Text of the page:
Whether or not you are susceptible to traveler’s diarrhea depends on the protein content of your saliva, according to new research


Image: Whether or not you are susceptible to traveler’s diarrhea depends on the protein content of your saliva, according to new research

(Natural News) Traveler’s diarrhea can be either inconvenient or fatal, depending on its severity. However, thanks to research, experts are one step closer to discovering how we can protect ourselves from this infectious disease.

According to a research team from the Boston University School of Medicine (BUSM), they have successfully identified histatin-5, a protein in saliva that can protect the body from traveler’s diarrhea.

The findings were published online in the Journal of Infectious Diseases, and it may prove useful to the “development of new preventive therapies for the infectious disease.”

While traveler’s diarrhea is usually an annoyance to individuals in the U.S., patients worldwide often deal with fatal infections. The disease’s side effects include watery diarrhea, which may cause severe dehydration in infants. It also threatens other susceptible populations in endemic countries.

The bacterial disease is caused by enterotoxigenic Escherichia coli (ETEC) which invades the small intestine via arm-like structures called “pili.” Over one billion cases of traveler’s diarrhea are reported yearly, and at least hundreds of thousands of deaths can be attributed to the disease.

For the study, researchers from BUSM and their collaborators exposed organoids, or miniature human small intestines grown in a dish, to the bacteria ETEC both with and without the protein histatin-5.

When researchers examined the organoids under a microscope, they confirmed that “significantly fewer bacteria were able to attach to the tissue in the presence of histatin-5.”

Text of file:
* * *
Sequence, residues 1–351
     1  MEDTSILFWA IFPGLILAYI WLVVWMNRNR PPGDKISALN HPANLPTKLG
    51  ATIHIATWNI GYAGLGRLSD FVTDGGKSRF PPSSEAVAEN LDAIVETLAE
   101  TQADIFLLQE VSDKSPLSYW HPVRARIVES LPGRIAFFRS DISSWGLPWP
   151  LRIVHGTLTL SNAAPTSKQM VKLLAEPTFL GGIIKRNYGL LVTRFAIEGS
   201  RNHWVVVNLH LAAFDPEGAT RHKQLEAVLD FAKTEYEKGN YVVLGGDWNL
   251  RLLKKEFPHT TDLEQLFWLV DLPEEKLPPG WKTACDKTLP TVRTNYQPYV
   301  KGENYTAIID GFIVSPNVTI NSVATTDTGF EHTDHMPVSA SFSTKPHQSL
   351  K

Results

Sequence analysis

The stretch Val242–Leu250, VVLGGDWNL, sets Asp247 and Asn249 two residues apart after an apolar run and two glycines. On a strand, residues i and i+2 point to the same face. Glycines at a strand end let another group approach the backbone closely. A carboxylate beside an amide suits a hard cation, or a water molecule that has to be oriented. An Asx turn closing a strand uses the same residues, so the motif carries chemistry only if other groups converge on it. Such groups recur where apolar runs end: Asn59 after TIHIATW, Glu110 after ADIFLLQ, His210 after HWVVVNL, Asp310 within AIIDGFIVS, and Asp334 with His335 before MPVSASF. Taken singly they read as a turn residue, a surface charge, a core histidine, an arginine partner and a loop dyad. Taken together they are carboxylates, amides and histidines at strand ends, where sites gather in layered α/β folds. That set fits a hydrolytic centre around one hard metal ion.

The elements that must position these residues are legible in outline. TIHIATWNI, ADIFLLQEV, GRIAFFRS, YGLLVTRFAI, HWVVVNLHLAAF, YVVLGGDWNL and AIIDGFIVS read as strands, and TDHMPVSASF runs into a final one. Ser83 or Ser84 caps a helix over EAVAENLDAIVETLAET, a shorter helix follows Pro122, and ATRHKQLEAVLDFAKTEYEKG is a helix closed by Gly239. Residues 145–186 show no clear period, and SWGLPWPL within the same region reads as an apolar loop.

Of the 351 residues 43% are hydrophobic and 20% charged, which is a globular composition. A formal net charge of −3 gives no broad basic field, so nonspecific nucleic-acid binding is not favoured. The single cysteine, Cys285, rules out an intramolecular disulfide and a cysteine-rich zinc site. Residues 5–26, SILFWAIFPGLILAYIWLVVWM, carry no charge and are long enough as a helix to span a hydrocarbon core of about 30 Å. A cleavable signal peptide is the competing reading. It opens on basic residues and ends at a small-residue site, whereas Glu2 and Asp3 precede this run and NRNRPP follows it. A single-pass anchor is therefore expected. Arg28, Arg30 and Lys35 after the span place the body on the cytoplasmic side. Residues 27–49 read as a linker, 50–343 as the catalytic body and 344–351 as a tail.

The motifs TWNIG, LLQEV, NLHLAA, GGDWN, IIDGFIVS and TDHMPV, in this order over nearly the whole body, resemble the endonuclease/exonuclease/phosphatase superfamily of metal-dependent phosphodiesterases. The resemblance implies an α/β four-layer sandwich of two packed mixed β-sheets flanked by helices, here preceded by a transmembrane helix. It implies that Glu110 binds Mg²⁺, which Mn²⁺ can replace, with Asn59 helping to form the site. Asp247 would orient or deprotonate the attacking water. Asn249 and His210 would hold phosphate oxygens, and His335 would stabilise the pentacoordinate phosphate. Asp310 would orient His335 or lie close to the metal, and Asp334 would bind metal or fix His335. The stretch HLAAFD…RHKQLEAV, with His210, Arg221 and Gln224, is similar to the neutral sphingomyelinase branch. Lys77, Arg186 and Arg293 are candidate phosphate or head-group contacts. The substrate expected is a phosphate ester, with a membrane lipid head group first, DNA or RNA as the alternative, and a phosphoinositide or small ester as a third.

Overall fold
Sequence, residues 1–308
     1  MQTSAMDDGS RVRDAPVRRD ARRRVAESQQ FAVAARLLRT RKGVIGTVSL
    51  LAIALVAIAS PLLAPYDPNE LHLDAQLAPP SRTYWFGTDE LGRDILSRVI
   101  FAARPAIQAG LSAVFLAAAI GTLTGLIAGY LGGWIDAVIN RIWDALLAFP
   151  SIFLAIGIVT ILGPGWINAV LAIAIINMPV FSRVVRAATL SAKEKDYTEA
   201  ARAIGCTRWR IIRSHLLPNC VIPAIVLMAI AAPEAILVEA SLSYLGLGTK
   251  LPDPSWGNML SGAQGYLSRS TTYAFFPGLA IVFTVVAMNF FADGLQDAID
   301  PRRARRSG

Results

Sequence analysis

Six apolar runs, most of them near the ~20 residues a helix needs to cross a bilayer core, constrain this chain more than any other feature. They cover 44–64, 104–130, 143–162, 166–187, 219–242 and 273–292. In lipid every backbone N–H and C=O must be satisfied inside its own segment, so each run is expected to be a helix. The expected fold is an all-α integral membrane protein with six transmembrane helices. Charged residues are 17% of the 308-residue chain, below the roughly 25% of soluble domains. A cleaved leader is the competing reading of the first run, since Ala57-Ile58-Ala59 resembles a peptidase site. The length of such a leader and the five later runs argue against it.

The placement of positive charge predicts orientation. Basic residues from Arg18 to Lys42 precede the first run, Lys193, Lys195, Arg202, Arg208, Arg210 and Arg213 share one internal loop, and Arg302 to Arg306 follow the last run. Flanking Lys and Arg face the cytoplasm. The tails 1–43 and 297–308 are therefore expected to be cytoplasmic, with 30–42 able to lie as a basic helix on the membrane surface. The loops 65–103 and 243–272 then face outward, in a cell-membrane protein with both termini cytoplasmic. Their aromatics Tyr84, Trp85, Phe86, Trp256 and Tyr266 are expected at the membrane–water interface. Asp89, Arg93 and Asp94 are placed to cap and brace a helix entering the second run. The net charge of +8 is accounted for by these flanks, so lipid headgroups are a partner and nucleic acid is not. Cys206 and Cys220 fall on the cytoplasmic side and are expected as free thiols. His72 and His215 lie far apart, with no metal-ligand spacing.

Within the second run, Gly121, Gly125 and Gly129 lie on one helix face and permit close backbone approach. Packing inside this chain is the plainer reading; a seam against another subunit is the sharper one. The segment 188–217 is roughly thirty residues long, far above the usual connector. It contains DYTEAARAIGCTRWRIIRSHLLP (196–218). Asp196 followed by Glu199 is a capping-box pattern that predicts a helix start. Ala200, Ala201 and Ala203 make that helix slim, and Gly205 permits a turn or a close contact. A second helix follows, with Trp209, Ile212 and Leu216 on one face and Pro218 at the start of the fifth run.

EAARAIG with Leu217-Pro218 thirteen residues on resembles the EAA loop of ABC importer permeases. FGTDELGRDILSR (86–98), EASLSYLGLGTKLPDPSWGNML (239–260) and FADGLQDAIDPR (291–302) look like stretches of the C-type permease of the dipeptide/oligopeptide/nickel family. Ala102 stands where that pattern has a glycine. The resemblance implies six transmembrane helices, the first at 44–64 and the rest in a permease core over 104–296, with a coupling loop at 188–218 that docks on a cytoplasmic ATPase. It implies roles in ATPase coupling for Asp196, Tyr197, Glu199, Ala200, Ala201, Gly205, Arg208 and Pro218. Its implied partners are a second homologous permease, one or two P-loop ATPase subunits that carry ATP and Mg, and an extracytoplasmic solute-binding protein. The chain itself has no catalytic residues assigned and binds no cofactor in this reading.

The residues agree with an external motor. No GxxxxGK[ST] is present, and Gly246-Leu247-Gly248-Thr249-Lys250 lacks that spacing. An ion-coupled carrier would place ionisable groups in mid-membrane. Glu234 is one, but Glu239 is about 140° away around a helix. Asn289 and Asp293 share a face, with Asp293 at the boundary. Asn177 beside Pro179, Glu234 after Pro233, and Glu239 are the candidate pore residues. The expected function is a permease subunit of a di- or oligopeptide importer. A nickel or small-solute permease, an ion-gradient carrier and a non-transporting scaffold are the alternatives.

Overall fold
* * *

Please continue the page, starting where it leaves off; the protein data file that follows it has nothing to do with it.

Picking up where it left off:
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Dr. Esther Bullitt, associate professor of physiology and biophysics at BUSM and the study’s corresponding author, said that the protein histatin-5 in human saliva makes the pili of ETEC stiffen. She explained that this helps prevent bacteria from effectively adhering to the small intestine. Dr. Bullitt added that this makes it harder for the bacteria to infect anyone. (Related: Best Advice for Treating Diarrhea: Prevent it to Deal with it.)

Before this study, it was unknown whether saliva had a significant role in protecting the body from gut infections.

The researchers shared that this initial line of defense in the mouth could be the reason “why it takes such a large number of ETEC to infect a human.” The BSUM researchers also posited that histatin-5 could be manufactured as a dissolvable powder to help to prevent traveler’s diarrhea from infecting more individuals.

The findings from this study can also be used to determine if there are other salivary proteins that can help protect us from other diseases such as infectious gastritis, food poisoning, or pneumonia.

The researchers concluded, “We believe that our data represent the first example of a new paradigm in innate immunity: the contributions of salivary components to preventing infection. This research opens an untapped avenue for prevention of enteric infectious diseases through the targeted use of naturally occurring components of saliva.”

Tips to prevent traveler’s diarrhea

If you’re going on a trip soon, keep these tips in mind to avoid traveler’s diarrhea:

  • Always wash your hands after using the bathroom and before you eat because this is the best way to get rid of any disease-causing microbes.
  • Bring rubbing alcohol with you so you can keep your hands clean without using products that may contain dangerous chemicals.
  • Don’t drink water from developing countries. Do not use it to even brush your teeth or rinse your mouth because the water may contain potent microbes that could compromise your system. Drink bottled water instead.
  • Don’t eat food from street vendors, especially if you’re not sure how the food is prepared. Dine in private homes or good restaurants with hygienic food preparation.
  • Skip the raw fruits and vegetables, unless you peeled them yourself. Salads with lettuce and other leafy vegetables, which could have been rinsed in local water, are also a no-no.
  • Wash your hands after handling coins and paper money which could contain bacteria.

You can read more articles about other findings on traveler’s diarrhea and how to prevent it at Research.news.

Sources include:

BUMC.BU.edu

EverydayHealth.com


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